Manchester is not only a great place to study English, it’s also a city that really embraces the spirit of the spooky season. We’re really getting in the mood for Halloween at New College Group, and we know all of our students in the city will soon be doing the same as the 31st of October draws near.
Our English Language School is located in Manchester, and so we wanted to explore some of the most haunted locations and terrifying tales from across the Greater Manchester area, which are sure to send a shiver down your spine.
A warning though, don’t read on if you’re alone…
The beautiful urban park in Blackley (pronounced Blakeley), known as Boggart Hole Clough is said to have a mystical and eerie atmosphere. The 190 acres of stunning ancient woodland now hosts cross country events and bonfire displays. However the Clough, which means a steep sided wooded valley in the local dialect, has a dark urban legend attached to it. It’s said that a mischievous spirit, known as a boggart haunts the woods.
Boggarts are prominent in Lancashire and Yorkshire folklore, and are said to have the ability to turn milk sour, make objects disappear and make dogs unable to walk. There’s even a story of a farmer and his family being driven from their home by a a Boggart. They ended up returning anyway after releasing the creature would follow them.
Ordsall Hall is a stunning former stately home in Salford, which dates back more than 7 centuries. It was once the home of the Radclyffe family, who came into possession of the hall in around 1335. It was even the setting of the 1842 novel Guy Fawkes, written by William Harrison Ainsworth, which suggested the Gunpowder Plot of 1605 was planned in the house. However, like many older buildings, it has its stories of hauntings.
Several spooky tales surround the old Tudor manor, including a particular ghostly spectre that has been named, the White Lady. She is said to appear in the Great Hall or Star Chamber, which are the oldest parts of the building. It’s believed that the ghost could be a former maid of honour to Queen Elizabeth I, a jilted bride, or the spirit of Margaret Radclyffe herself who apparently died in 1599 of a broken heart. Brave guests can spend a night at the hall, or even watch the live ghost cams on the website.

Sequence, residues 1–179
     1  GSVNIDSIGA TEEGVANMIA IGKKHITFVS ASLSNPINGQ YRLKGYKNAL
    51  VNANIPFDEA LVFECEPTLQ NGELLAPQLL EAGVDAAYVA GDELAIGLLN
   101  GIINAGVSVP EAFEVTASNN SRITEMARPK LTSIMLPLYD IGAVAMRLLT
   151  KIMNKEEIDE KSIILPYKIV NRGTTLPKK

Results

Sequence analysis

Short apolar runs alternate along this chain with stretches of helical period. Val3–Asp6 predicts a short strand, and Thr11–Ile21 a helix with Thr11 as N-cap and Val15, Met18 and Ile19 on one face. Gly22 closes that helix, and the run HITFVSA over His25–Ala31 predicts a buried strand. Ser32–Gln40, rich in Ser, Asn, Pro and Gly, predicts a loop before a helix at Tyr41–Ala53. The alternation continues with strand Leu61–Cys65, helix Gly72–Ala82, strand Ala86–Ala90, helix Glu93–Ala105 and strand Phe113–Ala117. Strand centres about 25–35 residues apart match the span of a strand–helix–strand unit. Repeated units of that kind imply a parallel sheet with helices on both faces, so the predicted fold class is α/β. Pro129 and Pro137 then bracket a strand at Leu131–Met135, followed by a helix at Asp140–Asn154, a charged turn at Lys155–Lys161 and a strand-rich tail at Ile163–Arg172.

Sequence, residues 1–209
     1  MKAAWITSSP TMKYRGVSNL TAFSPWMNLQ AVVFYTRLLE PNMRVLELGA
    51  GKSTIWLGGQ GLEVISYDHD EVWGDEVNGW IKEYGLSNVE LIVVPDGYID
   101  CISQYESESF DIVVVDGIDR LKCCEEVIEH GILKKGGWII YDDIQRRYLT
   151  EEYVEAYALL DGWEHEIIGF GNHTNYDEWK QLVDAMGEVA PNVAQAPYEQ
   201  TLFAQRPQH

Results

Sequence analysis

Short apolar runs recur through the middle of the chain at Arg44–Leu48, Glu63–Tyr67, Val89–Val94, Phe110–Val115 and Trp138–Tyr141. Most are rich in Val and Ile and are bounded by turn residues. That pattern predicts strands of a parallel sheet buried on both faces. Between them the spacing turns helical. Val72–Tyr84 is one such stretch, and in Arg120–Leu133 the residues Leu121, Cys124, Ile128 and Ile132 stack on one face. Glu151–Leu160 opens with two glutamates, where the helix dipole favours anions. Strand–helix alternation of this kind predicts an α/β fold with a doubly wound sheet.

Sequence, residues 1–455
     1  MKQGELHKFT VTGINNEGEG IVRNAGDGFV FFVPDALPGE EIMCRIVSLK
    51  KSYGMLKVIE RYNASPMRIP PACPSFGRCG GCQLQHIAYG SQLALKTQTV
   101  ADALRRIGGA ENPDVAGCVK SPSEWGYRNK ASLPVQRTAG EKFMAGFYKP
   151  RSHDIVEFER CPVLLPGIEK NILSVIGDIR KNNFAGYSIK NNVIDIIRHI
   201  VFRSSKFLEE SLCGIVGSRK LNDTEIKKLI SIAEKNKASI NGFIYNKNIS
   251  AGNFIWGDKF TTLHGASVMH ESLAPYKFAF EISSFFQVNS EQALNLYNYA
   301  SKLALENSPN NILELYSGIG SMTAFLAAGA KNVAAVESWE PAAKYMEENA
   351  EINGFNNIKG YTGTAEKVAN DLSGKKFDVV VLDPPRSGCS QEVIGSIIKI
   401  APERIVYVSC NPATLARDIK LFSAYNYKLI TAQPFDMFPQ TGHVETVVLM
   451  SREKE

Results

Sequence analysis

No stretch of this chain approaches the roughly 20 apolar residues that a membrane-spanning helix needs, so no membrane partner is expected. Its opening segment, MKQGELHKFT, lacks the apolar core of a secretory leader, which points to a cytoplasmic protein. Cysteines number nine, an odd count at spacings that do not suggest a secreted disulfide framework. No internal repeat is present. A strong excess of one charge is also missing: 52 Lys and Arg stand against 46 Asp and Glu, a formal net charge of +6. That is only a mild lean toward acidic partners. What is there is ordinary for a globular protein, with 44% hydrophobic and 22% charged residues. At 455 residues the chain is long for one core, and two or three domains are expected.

Manchester has many secret hidden gems, but lying just below the surface of the city is a complex network of secret subterranean passageways and underground tunnels. This labyrinth beneath Manchester stretches under large parts of the city centre, hiding long forgotten memories, and spine-tingling tales.
The unsettling underground tunnels were built during World War Two, and include the remnants of an old communications bunker, air raid shelters, canal and river tunnels, shops, and even a tube station that was never used. Visitors can book themselves onto ghost walks that explore the creepy passageways.
There’s many tall tales that have become embedded in UK folklore over the centuries. One of the most widely spread stories that stretched across the countryside was that of the ghostly ‘hellhound’ known as the Black Shuck. The hulking, 7 foot tall sinister beast was said to have roamed East Anglia in the 16th century, terrorising and striking fear into the hearts of any who came across its path.
Described as having shaggy black hair and flaming red eyes, the beast placed a fatal curse onto anyone who happened to catch a single glimpse of it. Those who heard it’s haunting howl were warned to close their eyes. It seems the curse of the Black Shuck spread to Manchester too, as there have been reported sightings of the creature prowling the city streets. One incident reported that the hound attacked a tradesman outside the Manchester Cathedral in 1825.
Wardley Hall is a magnificent medieval manor house and a located in the Wardley area of Worsley. The Grade I listed building is one of the few places in the whole of the Northwest to be mentioned in the Domesday Book. It’s now a residence for the Roman Catholic Bishops of Salford, but harbours a chilling history, centred around a screaming skull.
The preserved skull is believed to be that of Father Ambrose Barlow, who was hung, drawn and quartered in 1641. It’s still kept at the hall to this day, and the story goes that the grisly relic is in fact cursed. Legend says that the skull is indestructible and would wreak havoc if anyone tried to remove it from the building.
As you can see there’s plenty of spooky stories to hear and sights to see as you study English in Manchester this Halloween.